Gender, sexuality and women’s studies professor Bipasha Baruah has been named the new Strategic Focus Western Research Chair.
The chair recognizes Baruah’s innovative, interdisciplinary research at the intersections of gender, economy, environment and development; gender and work; and social, political and economic inequality.
Baruah joined Western in 2012 as the Canada Research Chair in Global Women’s Issues.
Her current research aims to understand how to ensure a global, low-carbon economy will be more gender-equitable and socially just than its fossil-fuel based predecessor.
“There is much more attention being paid in research and policy circles to the technical and financial instruments that will enable us to transition out of fossil fuels than on social equity issues that must also be considered for a just transition to low-carbon economies” Baruah said.
Addressing the fact that women are already severely underrepresented in both fossil fuel and renewable energy employment, Baruah’s work stands out for focusing on employment and social policy to reduce gender inequality in the transition to sustainable energy.
“How can we build economic systems that recognize and work within the biophysical limits of our finite planet while simultaneously reducing poverty and inequality? If we don’t have appropriately targeted training, education, employment placement, financial tools, and supportive social policies and protections, the green economy may exacerbate existing social inequities and hinder global human development and poverty-alleviation goals.”
Over the past 10 years, Baruah’s work on women’s employment in renewable energy and resource efficiency has influenced policy within governments, financial institutions and non-governmental organizations. In 2015, she was elected as a member of the Royal Society of Canada’s College of New Scholars, Artists and Scientists.
Leading societal change
Baruah’s appointment is part of the Western Research Chairs program, reinvigorated to create additional capacity for research, scholarship and creative activity, while also supporting innovation, leadership and collaboration.
The Strategic Focus Chair is one of five new chairs created to support work that will lead societal change, support Canada’s growth and advance fundamental research. An Advancing Research Chair, Innovation Chair, Leadership Chair and Visiting Fellow Chair are also part of the enhanced Western Research Chair initiative.
“We revitalized the program to support a broader group of scholars, researchers and creative activity across disciplines and career stages,” said Lesley Rigg, vice-president (research).
Designed to attract or retain leading scholars in key areas of research activity, the Strategic Focus chair must be an “outstanding and innovative world-class researcher whose accomplishments have made a major impact in their field.”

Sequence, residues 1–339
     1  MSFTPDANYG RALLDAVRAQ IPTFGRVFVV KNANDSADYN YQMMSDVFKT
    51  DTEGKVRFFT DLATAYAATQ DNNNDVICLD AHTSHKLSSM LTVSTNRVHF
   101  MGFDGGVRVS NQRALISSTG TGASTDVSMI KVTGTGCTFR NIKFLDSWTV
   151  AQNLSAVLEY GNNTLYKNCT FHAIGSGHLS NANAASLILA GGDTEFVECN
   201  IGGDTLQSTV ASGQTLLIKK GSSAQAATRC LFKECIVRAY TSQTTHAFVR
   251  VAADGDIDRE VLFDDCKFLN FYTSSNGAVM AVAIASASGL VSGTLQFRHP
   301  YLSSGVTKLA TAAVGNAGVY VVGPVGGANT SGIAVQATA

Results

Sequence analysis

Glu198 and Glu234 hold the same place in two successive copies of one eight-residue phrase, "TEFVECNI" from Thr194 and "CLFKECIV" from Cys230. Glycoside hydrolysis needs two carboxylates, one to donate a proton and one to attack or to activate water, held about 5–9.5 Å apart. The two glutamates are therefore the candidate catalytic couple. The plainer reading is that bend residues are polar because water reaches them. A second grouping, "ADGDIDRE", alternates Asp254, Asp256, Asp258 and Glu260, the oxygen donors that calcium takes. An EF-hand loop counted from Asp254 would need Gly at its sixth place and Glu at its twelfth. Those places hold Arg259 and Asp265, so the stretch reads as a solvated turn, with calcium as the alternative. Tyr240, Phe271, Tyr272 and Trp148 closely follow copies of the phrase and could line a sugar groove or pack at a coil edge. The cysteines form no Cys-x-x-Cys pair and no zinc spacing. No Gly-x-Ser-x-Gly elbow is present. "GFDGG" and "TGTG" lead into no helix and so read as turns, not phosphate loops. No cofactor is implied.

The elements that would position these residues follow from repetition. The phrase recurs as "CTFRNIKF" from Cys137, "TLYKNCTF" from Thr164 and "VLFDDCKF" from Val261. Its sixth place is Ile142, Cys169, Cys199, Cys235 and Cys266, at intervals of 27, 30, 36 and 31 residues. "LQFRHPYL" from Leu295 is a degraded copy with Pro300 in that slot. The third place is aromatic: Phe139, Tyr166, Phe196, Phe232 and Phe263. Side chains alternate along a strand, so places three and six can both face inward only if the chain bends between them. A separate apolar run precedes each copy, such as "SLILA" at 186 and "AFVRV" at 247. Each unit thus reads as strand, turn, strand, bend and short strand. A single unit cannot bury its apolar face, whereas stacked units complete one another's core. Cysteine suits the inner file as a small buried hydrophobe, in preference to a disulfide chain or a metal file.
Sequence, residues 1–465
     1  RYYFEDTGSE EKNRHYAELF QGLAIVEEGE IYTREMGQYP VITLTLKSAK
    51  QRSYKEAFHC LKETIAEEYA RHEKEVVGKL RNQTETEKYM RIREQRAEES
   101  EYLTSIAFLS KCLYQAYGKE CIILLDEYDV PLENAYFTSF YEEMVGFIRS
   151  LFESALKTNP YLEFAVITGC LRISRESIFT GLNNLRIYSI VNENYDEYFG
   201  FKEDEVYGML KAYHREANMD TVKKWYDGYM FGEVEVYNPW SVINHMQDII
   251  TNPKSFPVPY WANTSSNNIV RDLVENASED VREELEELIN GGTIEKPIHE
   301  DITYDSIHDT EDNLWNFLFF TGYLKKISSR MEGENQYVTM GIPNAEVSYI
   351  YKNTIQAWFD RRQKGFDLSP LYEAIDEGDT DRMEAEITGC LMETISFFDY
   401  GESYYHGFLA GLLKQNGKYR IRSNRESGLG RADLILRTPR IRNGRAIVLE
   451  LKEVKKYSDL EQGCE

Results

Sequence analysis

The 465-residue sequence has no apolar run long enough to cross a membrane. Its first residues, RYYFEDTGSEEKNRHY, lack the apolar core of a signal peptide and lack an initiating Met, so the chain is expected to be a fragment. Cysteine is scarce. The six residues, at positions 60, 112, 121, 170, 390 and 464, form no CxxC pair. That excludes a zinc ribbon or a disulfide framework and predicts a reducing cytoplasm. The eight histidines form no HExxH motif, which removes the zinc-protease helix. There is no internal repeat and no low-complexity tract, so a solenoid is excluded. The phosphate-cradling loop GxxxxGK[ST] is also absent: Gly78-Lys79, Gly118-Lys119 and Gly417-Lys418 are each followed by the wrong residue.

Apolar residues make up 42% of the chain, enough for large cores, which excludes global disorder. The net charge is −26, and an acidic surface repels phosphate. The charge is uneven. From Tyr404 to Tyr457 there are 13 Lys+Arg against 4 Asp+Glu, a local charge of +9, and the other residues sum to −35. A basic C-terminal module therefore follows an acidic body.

“Part of this perspective is to retain the immense talent here at Western,” Rigg said. “Bipasha represents our level of excellence in research and is doing work that is a great example of what the restructured program supports.”
And with a focus on sustainability and equity, Baruah’s expertise speaks to two of Western’s strategic institutional priorities: climate change and climate justice, and advancing equity, diversity, and inclusion.
“One of the key aspects attractive about Bipasha’s research is how it resides at the intersection of environmental and gender issues, and how they interconnect with a low carbon future,” Rigg said.
Changing nature of work
During her renewable five-year term, Baruah will continue studying other defining questions of our time, including the changing nature of work and the effects of degrowth (a scenario in which economies contract rather than grow over time) on gender equality. Related topics of interest include the effects of remote work, job-sharing, flexible schedules, and policies that alter the expectations of work.
“Ironically, COVID presented a real-life lab to look at these issues more closely,” Baruah said. “As a researcher studying diversity and inclusion, obviously I have to look beyond just the energy sector to how work itself is changing in the future.”
Baruah is also examining the future of work as it relates to disruptive technologies.
“Navigating disruptive technologies, such as automation, artificial intelligence and robotics, is a major challenge facing workers today,” she said. “I’m trying to understand how these disruptions will promote or obstruct gender equality. People of all genders will face challenges in navigating automation.”
Rigg said Baruah’s vast breadth of work brings together many areas of research activity on campus. “It’s what Western has been building towards for a long time,” she said.
Baruah feels “humbled and well supported” by Western’s investment in her work through the chair. Yet for her, the biggest reward lies in her passion for her work. “To be part of solutions to real-world problems motivates me more than anything else,” she said.